The Austin music scene is simultaneously rich with remarkable artists and hollow with disingenuous hipsters. I didn’t know which I was about to see when Chris Catalena and the Native Americans took the stage at North Door for the “Here Comes the Time” LP release party. However, my jaded bias caused me to think these were just city folk playing cowboy dress up to add an artifice of authenticity to an expected country sound.

From the first note, however, this Bryan, Texas native immediately changed my mind. He is a genuine cowboy pianist.

“Here Comes the Time” is decidedly Americana folk with an unexpected psychedelic undertone reminiscent of Rhode Island’s Deer Tick. Chris’ piano playing dominates his songs with a pleasant simplicity while his voice haunts around the piano and the accompanying instruments fill the gaps of the story.

“Here Comes the Time,” co-produced by Rob Campanella of The Brian Jonestown Massacre and released by Pau Wau records, was written entirely in Chris’ Laurel Canyon cabin except for the tracks “Telegram” and “Dr. Napalm,” which were previously written and recorded in his Texas hometown.

Although Chris Catalena is a Texan through and through, this album was an expedition which found its home out west.

The Texas tracks hold a bit more of a twang than the California born songs, reflecting the transformation of the writer and his movement across the American Southwest.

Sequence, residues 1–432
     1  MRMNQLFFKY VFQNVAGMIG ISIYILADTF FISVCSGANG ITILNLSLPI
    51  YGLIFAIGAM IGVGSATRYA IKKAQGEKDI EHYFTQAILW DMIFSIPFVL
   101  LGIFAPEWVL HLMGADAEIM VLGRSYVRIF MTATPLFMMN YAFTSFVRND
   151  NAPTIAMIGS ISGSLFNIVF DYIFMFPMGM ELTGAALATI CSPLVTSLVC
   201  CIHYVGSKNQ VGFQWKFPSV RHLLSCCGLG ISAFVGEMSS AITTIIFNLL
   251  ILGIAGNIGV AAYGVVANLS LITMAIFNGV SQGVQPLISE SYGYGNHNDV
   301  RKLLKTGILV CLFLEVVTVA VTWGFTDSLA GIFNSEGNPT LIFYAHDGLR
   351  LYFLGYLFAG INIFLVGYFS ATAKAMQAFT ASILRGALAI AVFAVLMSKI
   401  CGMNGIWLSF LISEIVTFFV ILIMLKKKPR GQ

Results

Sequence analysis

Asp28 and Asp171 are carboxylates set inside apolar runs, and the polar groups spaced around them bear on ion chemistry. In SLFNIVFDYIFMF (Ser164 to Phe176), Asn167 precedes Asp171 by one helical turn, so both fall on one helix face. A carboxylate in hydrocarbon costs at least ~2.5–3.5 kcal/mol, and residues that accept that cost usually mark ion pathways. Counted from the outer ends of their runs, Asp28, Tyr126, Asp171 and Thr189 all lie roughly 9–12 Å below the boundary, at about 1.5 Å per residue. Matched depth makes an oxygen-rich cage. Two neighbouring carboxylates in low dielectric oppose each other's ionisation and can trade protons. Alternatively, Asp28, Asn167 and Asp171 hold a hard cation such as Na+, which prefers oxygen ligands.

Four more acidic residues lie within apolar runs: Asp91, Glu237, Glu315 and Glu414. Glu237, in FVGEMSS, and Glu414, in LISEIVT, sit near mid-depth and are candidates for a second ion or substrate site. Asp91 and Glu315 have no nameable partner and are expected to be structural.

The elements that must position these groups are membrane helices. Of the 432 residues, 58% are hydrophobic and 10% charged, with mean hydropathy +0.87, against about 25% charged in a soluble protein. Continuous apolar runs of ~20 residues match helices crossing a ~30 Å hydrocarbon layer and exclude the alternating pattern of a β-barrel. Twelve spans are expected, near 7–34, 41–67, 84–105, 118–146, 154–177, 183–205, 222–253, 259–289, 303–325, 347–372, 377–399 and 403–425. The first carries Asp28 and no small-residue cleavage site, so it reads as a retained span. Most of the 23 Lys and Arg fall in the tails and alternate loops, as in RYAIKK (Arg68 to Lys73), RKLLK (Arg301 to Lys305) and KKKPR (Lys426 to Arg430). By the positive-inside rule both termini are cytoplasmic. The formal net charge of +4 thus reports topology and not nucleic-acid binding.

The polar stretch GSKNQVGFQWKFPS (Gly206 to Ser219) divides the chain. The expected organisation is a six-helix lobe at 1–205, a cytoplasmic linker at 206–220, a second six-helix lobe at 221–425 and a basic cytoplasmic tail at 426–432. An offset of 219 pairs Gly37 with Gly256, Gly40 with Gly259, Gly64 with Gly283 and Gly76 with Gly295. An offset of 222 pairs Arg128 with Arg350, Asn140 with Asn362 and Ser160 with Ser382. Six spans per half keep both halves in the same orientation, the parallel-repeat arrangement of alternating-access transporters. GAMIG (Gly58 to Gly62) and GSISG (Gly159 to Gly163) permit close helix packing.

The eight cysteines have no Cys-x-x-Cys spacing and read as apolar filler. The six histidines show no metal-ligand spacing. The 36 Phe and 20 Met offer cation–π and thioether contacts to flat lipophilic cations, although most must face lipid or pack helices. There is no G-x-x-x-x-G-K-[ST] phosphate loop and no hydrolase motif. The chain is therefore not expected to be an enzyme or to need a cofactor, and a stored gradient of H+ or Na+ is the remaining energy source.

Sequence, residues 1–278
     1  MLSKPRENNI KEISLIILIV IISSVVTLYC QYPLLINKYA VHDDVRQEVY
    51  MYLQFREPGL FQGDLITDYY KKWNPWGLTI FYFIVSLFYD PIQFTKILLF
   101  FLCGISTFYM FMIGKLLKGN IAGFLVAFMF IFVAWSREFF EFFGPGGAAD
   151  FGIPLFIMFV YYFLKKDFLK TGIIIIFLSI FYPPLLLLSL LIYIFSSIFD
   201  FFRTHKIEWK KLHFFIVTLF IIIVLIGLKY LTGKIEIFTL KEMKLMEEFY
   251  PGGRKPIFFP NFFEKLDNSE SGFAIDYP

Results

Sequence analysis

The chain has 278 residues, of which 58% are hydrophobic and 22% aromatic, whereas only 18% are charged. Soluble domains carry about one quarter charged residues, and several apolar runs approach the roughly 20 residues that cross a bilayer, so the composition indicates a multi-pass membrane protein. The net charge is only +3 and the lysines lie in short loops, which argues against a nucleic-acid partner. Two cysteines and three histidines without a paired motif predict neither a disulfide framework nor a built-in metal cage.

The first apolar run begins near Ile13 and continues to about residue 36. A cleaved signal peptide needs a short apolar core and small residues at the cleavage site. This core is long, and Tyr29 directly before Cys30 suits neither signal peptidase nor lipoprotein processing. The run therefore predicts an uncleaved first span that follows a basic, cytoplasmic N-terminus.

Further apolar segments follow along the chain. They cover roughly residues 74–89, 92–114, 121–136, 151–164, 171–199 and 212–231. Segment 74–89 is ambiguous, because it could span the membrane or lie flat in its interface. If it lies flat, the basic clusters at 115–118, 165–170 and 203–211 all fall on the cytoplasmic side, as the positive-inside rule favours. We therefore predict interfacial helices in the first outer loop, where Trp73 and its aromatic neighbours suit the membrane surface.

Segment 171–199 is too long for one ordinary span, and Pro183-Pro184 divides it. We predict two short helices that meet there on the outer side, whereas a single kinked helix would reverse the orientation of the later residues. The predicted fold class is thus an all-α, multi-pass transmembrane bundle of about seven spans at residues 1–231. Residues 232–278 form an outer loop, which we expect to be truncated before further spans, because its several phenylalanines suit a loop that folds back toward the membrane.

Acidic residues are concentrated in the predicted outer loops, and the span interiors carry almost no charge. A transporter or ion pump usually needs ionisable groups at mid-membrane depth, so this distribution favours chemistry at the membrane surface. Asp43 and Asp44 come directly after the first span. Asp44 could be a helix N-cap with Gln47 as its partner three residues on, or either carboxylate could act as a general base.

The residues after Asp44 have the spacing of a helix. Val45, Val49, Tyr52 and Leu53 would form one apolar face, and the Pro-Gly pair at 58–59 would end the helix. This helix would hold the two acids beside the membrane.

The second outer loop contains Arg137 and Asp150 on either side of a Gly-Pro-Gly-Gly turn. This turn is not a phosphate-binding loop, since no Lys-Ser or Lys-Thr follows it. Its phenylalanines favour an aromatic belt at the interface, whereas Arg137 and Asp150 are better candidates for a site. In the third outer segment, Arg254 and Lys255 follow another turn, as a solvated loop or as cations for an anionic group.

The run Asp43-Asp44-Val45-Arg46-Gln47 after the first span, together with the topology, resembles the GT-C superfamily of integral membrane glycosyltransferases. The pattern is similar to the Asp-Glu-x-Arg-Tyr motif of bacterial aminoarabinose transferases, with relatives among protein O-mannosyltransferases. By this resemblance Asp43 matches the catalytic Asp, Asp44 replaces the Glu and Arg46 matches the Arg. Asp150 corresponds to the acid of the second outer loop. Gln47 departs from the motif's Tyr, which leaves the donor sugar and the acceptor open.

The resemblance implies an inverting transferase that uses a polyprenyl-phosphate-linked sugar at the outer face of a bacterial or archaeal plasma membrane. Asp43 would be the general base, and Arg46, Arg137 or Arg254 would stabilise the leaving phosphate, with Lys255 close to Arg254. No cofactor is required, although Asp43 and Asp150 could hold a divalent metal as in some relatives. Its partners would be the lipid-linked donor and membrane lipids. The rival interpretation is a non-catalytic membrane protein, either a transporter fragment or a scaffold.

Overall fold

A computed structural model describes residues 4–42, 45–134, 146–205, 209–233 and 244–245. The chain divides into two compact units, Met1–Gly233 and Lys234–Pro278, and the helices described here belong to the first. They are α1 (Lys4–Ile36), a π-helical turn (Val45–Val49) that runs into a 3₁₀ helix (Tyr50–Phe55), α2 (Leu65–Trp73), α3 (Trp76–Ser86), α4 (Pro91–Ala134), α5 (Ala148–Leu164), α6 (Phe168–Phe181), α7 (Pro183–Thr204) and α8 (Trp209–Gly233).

On stage, Chris Catalena and the Native Americans, wearing their cowboy hats and boots, played each song with the facial stoicism only a cowboy can have while conveying so much sentiment

There are emotional ups and downs from track-to-track, but Chris’ vocals and piano carry a level lightheartedness through even the saddest lines, moving the listener onward to a hope-filled end.

Each song became the paragraph of a letter written to “you” about a young man’s journey through love, life, heartache, and humility. The lyrics are literally presented as a letter on the back of the album sleeve, beginning “Dear Gentlemen And Kind Ladies And To All It May Concern.”

Both the physical as well as musical presentation of the album as this letter creates a unique intimacy with the listener. Though each track can stand alone as something rich and meaningful, the album as a cohesive piece portrays beautifully the outpouring of a lover’s thoughts to his beloved.

Throughout the album, the lyrics tie the threads together with echoing ideas of evolving love, personal growth, and days and delusions past, as illustrated so clearly in the title track and penultimate paragraph of the letter:

“Here’s to hereafter. Let’s push on through, harder. Gone are the days when knowing was easy. Here comes the time of new understanding, and of no demanding.”

The unpretentious American sound and heartfelt lyrics illicit images of driving along a desert highway, windows down, covered in dust, cigarette in hand, chasing the sunset in a desperate response to a letter from a lover past.

 

INTERVIEW:

[Begins post-show in the bathroom of the green room when we’re both a little sloshed]

We leaked three songs then one unofficial release. But I think maybe next week everything will be on iTunes.

Two of the songs, you were saying you had recorded here and the rest …